A Tamil movie I watched earlier today, reminded me of an article I read in this amazing book, AIDS Sutra, a few years ago.
The Half-Woman God by Salman Rushdie which touches on the issue of transgender in India. The book was published in 2008 and features 16 prominent Indian authors from the likes of Kiran Desai, Vikram Setch, Shobhaa De and a few others.
This particular movie portrayed a transgender who was thrown out of her home as a child for portraying feminine qualities, something which was a taboo for her family. Somewhere along the movie once she had grown up and raised a family of her own, she gave a short speech at a school function, in which she requested families who had such children to not treat them like an outcast but shower them with love and allow them to grow and develop in their own way.
We are quite unfortunate that we live in a society which not only shuns them but treats them like dirt. In a country like India for instance where they are popularly known as “Hijras”.
How did this community go from revered to living on the fringes of society? That is the plight of India’s estimated 5 million “Hijras”. The term applies to a diverse group who identify as neither male nor female. They can range from natural intersex to male cross dresser. Respected by the Mughals, but considered criminals by British colonizers, today many live as sex workers and beggars.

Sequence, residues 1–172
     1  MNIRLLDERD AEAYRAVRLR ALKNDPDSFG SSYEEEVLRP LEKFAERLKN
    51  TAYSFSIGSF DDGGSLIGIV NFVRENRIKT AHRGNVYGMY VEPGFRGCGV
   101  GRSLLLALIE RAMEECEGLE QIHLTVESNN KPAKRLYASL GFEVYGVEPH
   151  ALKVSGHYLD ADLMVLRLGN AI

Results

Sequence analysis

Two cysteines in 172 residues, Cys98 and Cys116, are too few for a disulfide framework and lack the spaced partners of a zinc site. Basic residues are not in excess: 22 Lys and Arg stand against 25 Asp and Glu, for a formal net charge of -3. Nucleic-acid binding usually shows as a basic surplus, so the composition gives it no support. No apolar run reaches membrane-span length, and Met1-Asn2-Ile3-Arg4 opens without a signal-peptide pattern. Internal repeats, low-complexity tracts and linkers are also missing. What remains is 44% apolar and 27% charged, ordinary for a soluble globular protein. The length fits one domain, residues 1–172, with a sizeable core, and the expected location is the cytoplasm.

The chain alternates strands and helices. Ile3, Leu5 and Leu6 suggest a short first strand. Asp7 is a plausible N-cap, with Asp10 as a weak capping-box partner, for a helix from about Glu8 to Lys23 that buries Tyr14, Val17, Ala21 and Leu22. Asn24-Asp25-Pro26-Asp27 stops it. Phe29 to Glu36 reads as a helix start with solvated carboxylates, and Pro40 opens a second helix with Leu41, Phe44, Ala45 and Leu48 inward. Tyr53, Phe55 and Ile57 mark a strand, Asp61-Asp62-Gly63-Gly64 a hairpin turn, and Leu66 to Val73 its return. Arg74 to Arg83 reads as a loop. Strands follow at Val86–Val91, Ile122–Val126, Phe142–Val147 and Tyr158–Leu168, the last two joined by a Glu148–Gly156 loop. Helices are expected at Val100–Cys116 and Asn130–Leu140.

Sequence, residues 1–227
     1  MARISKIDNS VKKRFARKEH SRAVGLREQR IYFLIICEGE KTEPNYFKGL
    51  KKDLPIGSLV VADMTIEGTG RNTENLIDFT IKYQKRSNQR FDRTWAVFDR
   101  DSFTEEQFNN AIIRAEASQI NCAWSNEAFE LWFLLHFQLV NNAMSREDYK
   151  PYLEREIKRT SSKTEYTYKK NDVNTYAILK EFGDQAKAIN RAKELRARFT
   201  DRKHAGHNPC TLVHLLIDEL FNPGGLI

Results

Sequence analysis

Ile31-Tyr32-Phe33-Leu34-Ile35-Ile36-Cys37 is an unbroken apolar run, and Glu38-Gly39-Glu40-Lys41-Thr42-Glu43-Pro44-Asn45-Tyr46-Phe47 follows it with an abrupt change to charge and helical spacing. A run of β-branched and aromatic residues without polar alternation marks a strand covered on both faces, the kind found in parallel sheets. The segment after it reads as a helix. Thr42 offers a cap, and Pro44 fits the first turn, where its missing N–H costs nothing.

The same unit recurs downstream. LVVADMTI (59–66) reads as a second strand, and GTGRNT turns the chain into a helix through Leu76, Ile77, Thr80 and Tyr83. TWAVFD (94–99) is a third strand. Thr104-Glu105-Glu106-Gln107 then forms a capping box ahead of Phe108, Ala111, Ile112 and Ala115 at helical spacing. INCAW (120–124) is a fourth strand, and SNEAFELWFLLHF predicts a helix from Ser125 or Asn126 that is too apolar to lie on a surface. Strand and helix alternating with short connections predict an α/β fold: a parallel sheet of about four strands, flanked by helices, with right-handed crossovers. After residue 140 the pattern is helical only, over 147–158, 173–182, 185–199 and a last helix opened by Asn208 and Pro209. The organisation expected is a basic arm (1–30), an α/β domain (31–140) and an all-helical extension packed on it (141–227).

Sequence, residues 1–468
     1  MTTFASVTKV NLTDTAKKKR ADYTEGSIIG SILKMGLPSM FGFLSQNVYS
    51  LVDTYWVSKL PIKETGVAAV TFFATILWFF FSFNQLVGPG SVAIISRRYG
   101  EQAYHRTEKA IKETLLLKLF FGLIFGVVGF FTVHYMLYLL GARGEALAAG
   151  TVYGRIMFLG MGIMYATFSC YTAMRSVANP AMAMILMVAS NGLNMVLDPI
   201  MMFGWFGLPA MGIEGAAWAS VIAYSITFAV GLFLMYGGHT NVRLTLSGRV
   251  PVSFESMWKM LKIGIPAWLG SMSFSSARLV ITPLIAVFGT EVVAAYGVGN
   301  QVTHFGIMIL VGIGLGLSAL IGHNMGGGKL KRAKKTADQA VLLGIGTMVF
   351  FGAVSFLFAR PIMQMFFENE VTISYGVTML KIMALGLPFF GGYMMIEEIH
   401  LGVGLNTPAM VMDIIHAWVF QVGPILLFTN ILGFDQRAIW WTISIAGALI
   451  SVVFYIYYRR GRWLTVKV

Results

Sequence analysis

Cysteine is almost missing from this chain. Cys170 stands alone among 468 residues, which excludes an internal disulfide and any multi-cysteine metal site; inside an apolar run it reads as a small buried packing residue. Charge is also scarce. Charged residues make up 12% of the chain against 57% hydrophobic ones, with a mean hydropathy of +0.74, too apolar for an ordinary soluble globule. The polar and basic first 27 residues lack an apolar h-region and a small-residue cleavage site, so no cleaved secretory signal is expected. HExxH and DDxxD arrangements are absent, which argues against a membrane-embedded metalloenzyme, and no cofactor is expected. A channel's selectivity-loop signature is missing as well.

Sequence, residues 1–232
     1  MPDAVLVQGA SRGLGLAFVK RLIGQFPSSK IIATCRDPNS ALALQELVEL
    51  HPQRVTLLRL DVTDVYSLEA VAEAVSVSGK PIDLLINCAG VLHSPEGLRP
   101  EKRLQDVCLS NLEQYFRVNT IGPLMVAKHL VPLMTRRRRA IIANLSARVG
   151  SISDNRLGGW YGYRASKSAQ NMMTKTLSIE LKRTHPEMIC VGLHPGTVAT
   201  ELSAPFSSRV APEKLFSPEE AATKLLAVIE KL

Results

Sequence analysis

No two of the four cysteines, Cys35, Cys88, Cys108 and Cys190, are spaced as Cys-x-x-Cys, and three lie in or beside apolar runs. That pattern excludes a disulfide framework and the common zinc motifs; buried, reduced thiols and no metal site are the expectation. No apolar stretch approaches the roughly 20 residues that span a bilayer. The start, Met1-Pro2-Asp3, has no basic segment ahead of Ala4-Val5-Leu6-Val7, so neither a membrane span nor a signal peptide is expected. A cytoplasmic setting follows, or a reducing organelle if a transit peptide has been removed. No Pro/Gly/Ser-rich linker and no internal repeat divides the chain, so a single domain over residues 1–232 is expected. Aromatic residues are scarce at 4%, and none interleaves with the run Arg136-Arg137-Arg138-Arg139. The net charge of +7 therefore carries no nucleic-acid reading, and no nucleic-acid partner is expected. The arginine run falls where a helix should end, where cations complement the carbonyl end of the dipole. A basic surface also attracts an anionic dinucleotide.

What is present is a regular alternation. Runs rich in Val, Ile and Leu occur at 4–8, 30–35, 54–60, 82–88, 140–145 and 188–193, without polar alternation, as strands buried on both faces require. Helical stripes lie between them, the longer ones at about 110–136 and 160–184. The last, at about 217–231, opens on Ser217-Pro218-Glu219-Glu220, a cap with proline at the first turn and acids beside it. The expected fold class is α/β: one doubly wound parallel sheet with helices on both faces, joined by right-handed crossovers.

Going back to the article from the book, Salman Rushdie speaks to a hijra named Laxmi. She talks about how they are often abused by policeman and even by doctors at the hospital. Not being able to find jobs, most Hijras then resort to being a sex worker and highly exposed to AIDS.
What honestly sickens me is the attitude people have towards them. I’ve seen it right here in Malaysia. A former colleague of mine openly showed his disgust at them and was proud of it.
What’s worse is they are often rejected by religious people, treated as a scum of society. I know some spiritual organizations that refuse such people and treat them as if they are diseased. Not just the transgender but the LGBT community in general.
They are human beings, just like us and deserve all freedom and rights. I respect Sri Sri Ravi Shankar’s statement on this matter, when asked about LGBT’s.
“Every individual has both male and female in them. Sometimes one dominates, sometimes other; it is all fluid.”
I just hope that people’s perception change and they start to treat everyone equally with love and respect. Do watch this news discussion piece by Al-Jazeera on transgender in India. The thing I love about Al-Jazeera is they produce some really good shows and documentaries.
Featured Image Source: Peter Caton for India HIV/AIDS Alliance